After making all 120 payments, borrowers need to file the PSLF Application for Forgiveness Form. This triggers the review process to confirm that all program requirements have been met.
Because of the strict enforcement of these requirements and the high rejection rate of PSLF applicants, I recommend that advisors encourage their clients in (or applying to) PSLF to keep thorough records of pay stubs, monthly payments, and all communications with FedLoan.
Minimizing Required Loan Payments On The Path To PSLF
Since PSLF ultimately awards tax-free forgiveness of debt, financial advisors should help their clients in PSLF use strategies that allow them to pay the minimum possible amount to maximize forgiveness.
Returning to Grant’s situation, we’ll need to determine the best path to loan forgiveness based on his unique situation.
Because loan servicers won’t always have complete data on all of a borrower’s loans, any student loan analysis should always begin with a complete set of student loan data, which can be obtained from the National Student Loan Data System. This system provides a complete history of Federal student loans, whereas an individual loan servicer may have limited and incomplete information. While the information from the National Student Loan Data System will come in an unreadable .txt file, there are a variety of spreadsheets and software solutions which can translate the data into a useable format.
The first thing to notice is that Grant currently has two FFEL loans. Since FFEL loans do not qualify for PSLF, we’ll recommend that he consolidate the FFEL loans into a PSLF-eligible Direct Consolidation loan. He does not need to consolidate his other existing Direct loans, as they already do qualify, and since he can only consolidate most loans once, it wouldn’t make sense to consolidate his other Direct loans without a strong rationale. In addition, a consolidation means the outstanding interest will capitalize and he’ll pay interest on interest. Given the goal of PSLF, though, those consequences are worth the upside for Grant in this scenario, so we would recommend moving forward with a consolidation of at least the FFEL loans to get them eligible.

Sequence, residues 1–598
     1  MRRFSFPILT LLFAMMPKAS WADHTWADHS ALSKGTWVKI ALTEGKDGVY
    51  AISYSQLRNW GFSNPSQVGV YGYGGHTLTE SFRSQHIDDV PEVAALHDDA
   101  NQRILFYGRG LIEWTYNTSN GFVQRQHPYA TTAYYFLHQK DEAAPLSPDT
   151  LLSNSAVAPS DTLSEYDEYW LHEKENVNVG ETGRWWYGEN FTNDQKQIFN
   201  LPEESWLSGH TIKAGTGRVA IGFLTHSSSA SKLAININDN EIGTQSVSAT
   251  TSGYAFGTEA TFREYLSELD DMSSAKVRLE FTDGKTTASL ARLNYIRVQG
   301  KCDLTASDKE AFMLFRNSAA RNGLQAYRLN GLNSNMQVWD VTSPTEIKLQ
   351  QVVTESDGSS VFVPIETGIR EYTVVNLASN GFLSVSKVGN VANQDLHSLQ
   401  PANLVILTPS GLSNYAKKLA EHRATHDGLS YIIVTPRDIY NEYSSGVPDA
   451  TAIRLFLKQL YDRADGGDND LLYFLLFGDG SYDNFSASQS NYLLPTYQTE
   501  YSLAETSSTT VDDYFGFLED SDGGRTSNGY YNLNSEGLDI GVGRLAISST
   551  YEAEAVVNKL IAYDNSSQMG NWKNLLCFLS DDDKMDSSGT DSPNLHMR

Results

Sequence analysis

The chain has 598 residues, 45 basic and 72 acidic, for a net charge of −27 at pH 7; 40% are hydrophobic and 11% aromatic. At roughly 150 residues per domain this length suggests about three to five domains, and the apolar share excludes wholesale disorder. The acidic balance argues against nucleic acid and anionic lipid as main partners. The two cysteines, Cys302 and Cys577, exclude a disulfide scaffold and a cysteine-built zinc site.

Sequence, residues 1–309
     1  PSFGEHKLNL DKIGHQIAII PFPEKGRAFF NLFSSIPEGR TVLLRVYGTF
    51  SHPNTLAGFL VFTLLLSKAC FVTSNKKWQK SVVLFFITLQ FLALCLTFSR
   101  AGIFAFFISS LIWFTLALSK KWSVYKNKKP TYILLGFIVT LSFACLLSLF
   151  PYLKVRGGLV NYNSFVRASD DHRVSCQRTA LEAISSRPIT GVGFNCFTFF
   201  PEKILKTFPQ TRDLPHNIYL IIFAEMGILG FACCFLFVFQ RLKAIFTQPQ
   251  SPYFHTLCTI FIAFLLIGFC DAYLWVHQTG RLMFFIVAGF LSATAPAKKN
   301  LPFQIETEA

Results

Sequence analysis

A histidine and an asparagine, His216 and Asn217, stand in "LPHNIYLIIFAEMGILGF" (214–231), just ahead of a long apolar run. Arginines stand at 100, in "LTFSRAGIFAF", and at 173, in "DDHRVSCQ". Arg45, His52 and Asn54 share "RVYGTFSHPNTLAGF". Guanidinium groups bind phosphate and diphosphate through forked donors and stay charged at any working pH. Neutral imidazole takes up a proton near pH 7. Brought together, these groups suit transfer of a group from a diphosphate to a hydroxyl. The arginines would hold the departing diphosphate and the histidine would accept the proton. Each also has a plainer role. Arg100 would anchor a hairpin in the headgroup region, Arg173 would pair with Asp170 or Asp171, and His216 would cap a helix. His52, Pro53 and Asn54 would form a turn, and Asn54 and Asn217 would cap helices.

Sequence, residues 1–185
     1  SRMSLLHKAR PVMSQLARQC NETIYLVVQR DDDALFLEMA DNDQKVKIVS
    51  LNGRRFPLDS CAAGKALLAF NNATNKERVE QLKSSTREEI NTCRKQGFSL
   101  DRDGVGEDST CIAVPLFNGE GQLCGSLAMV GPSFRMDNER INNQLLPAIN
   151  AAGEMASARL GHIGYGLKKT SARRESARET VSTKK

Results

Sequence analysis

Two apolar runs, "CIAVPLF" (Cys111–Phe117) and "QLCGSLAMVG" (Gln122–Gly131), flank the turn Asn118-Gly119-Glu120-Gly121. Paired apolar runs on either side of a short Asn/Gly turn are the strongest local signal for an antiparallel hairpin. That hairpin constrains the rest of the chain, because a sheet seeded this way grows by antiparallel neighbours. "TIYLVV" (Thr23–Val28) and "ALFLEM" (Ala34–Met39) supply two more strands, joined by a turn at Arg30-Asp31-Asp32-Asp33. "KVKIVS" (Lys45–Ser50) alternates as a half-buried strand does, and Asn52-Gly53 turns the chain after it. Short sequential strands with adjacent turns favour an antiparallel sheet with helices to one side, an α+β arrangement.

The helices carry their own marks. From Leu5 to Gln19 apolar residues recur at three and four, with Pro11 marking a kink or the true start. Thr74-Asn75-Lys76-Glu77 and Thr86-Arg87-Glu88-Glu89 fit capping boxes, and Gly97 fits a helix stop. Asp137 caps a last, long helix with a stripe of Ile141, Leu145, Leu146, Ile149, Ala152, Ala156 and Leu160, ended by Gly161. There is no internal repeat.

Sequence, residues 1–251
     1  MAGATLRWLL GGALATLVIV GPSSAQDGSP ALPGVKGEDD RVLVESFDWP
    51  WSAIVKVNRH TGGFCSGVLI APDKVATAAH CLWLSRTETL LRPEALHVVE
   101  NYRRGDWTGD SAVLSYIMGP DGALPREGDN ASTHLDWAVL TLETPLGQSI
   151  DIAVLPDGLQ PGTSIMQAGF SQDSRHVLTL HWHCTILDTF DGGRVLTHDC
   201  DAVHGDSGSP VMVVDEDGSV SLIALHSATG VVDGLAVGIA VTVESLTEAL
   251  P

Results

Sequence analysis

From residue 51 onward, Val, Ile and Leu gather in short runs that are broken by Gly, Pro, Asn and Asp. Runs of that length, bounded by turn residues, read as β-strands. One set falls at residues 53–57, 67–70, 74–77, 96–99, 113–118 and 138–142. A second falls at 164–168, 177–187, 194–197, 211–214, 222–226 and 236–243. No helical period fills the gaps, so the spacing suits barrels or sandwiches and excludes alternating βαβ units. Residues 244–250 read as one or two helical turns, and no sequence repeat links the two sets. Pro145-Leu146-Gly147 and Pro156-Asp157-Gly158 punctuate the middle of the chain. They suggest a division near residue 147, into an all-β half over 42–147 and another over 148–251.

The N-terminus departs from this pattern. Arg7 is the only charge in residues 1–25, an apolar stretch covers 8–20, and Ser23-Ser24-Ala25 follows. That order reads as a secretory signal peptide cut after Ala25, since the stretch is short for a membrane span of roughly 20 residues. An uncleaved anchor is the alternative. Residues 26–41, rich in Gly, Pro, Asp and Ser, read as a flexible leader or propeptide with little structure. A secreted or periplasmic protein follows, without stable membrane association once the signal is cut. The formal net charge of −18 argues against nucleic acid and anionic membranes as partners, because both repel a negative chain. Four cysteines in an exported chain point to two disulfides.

Reviewing Income-Driven Repayment Options
Once a complete list of all student loans is available, the next step is to determine which income-driven repayment option to choose. Each option uses a discretionary income calculation to determine the annual payment due.
Income Contingent Repayment (ICR) was the first Income-Driven Repayment plan, and since then, the plans have gotten progressively more generous to borrowers over time. Because ICR has higher repayment costs (i.e., 20% of discretionary income for ICR, versus 10 – 15% for other plans), it is never the best route for PSLF, thus we’ll leave it out.
Thus, the remaining options are:
The potential for lower payments with the PAYE and REPAYE options is tempting for Grant; however, he is not eligible for PAYE due to having an outstanding Federal student loan balance prior to 10/1/2007.
REPAYE, then, would seem to be the best option to minimize monthly payments. However, there are two downsides to REPAYE. This plan does not have an income cap, so if Grant’s income grows rapidly, he could end up paying even more than he would on the 10-year standard plan. More critically in this scenario, REPAYE does not allow the use of Married Filing Separate (MFS) to determine the AGI for discretionary income. This means that monthly payments would be calculated based on 10% of Blair and Grant’s joint income.
If, instead, they use the IBR plan, they would be able to file their taxes as MFS taxpayers, and monthly loan payments would be based on Grant’s discretionary income alone. So even though the percentage of discretionary income is higher in the IBR monthly payment calculation (at 15% versus 10% of discretionary income), it will provide Grant and Blair with the lowest payment amount possible. And since IBR includes an income cap, monthly payments won’t skyrocket if Grant’s salary increases significantly over the years. For IBR repayment plans, there is a partial financial hardship if payments that would be made under a standard 10-year greater than the IBR payment calculated based on the borrower’s AGI and poverty line. Since Grant’s 10-year standard plan is much higher than his expected IBR payments (calculated below), Grant meets this requirement.
Minimizing AGI To Reduce Required Loan Payments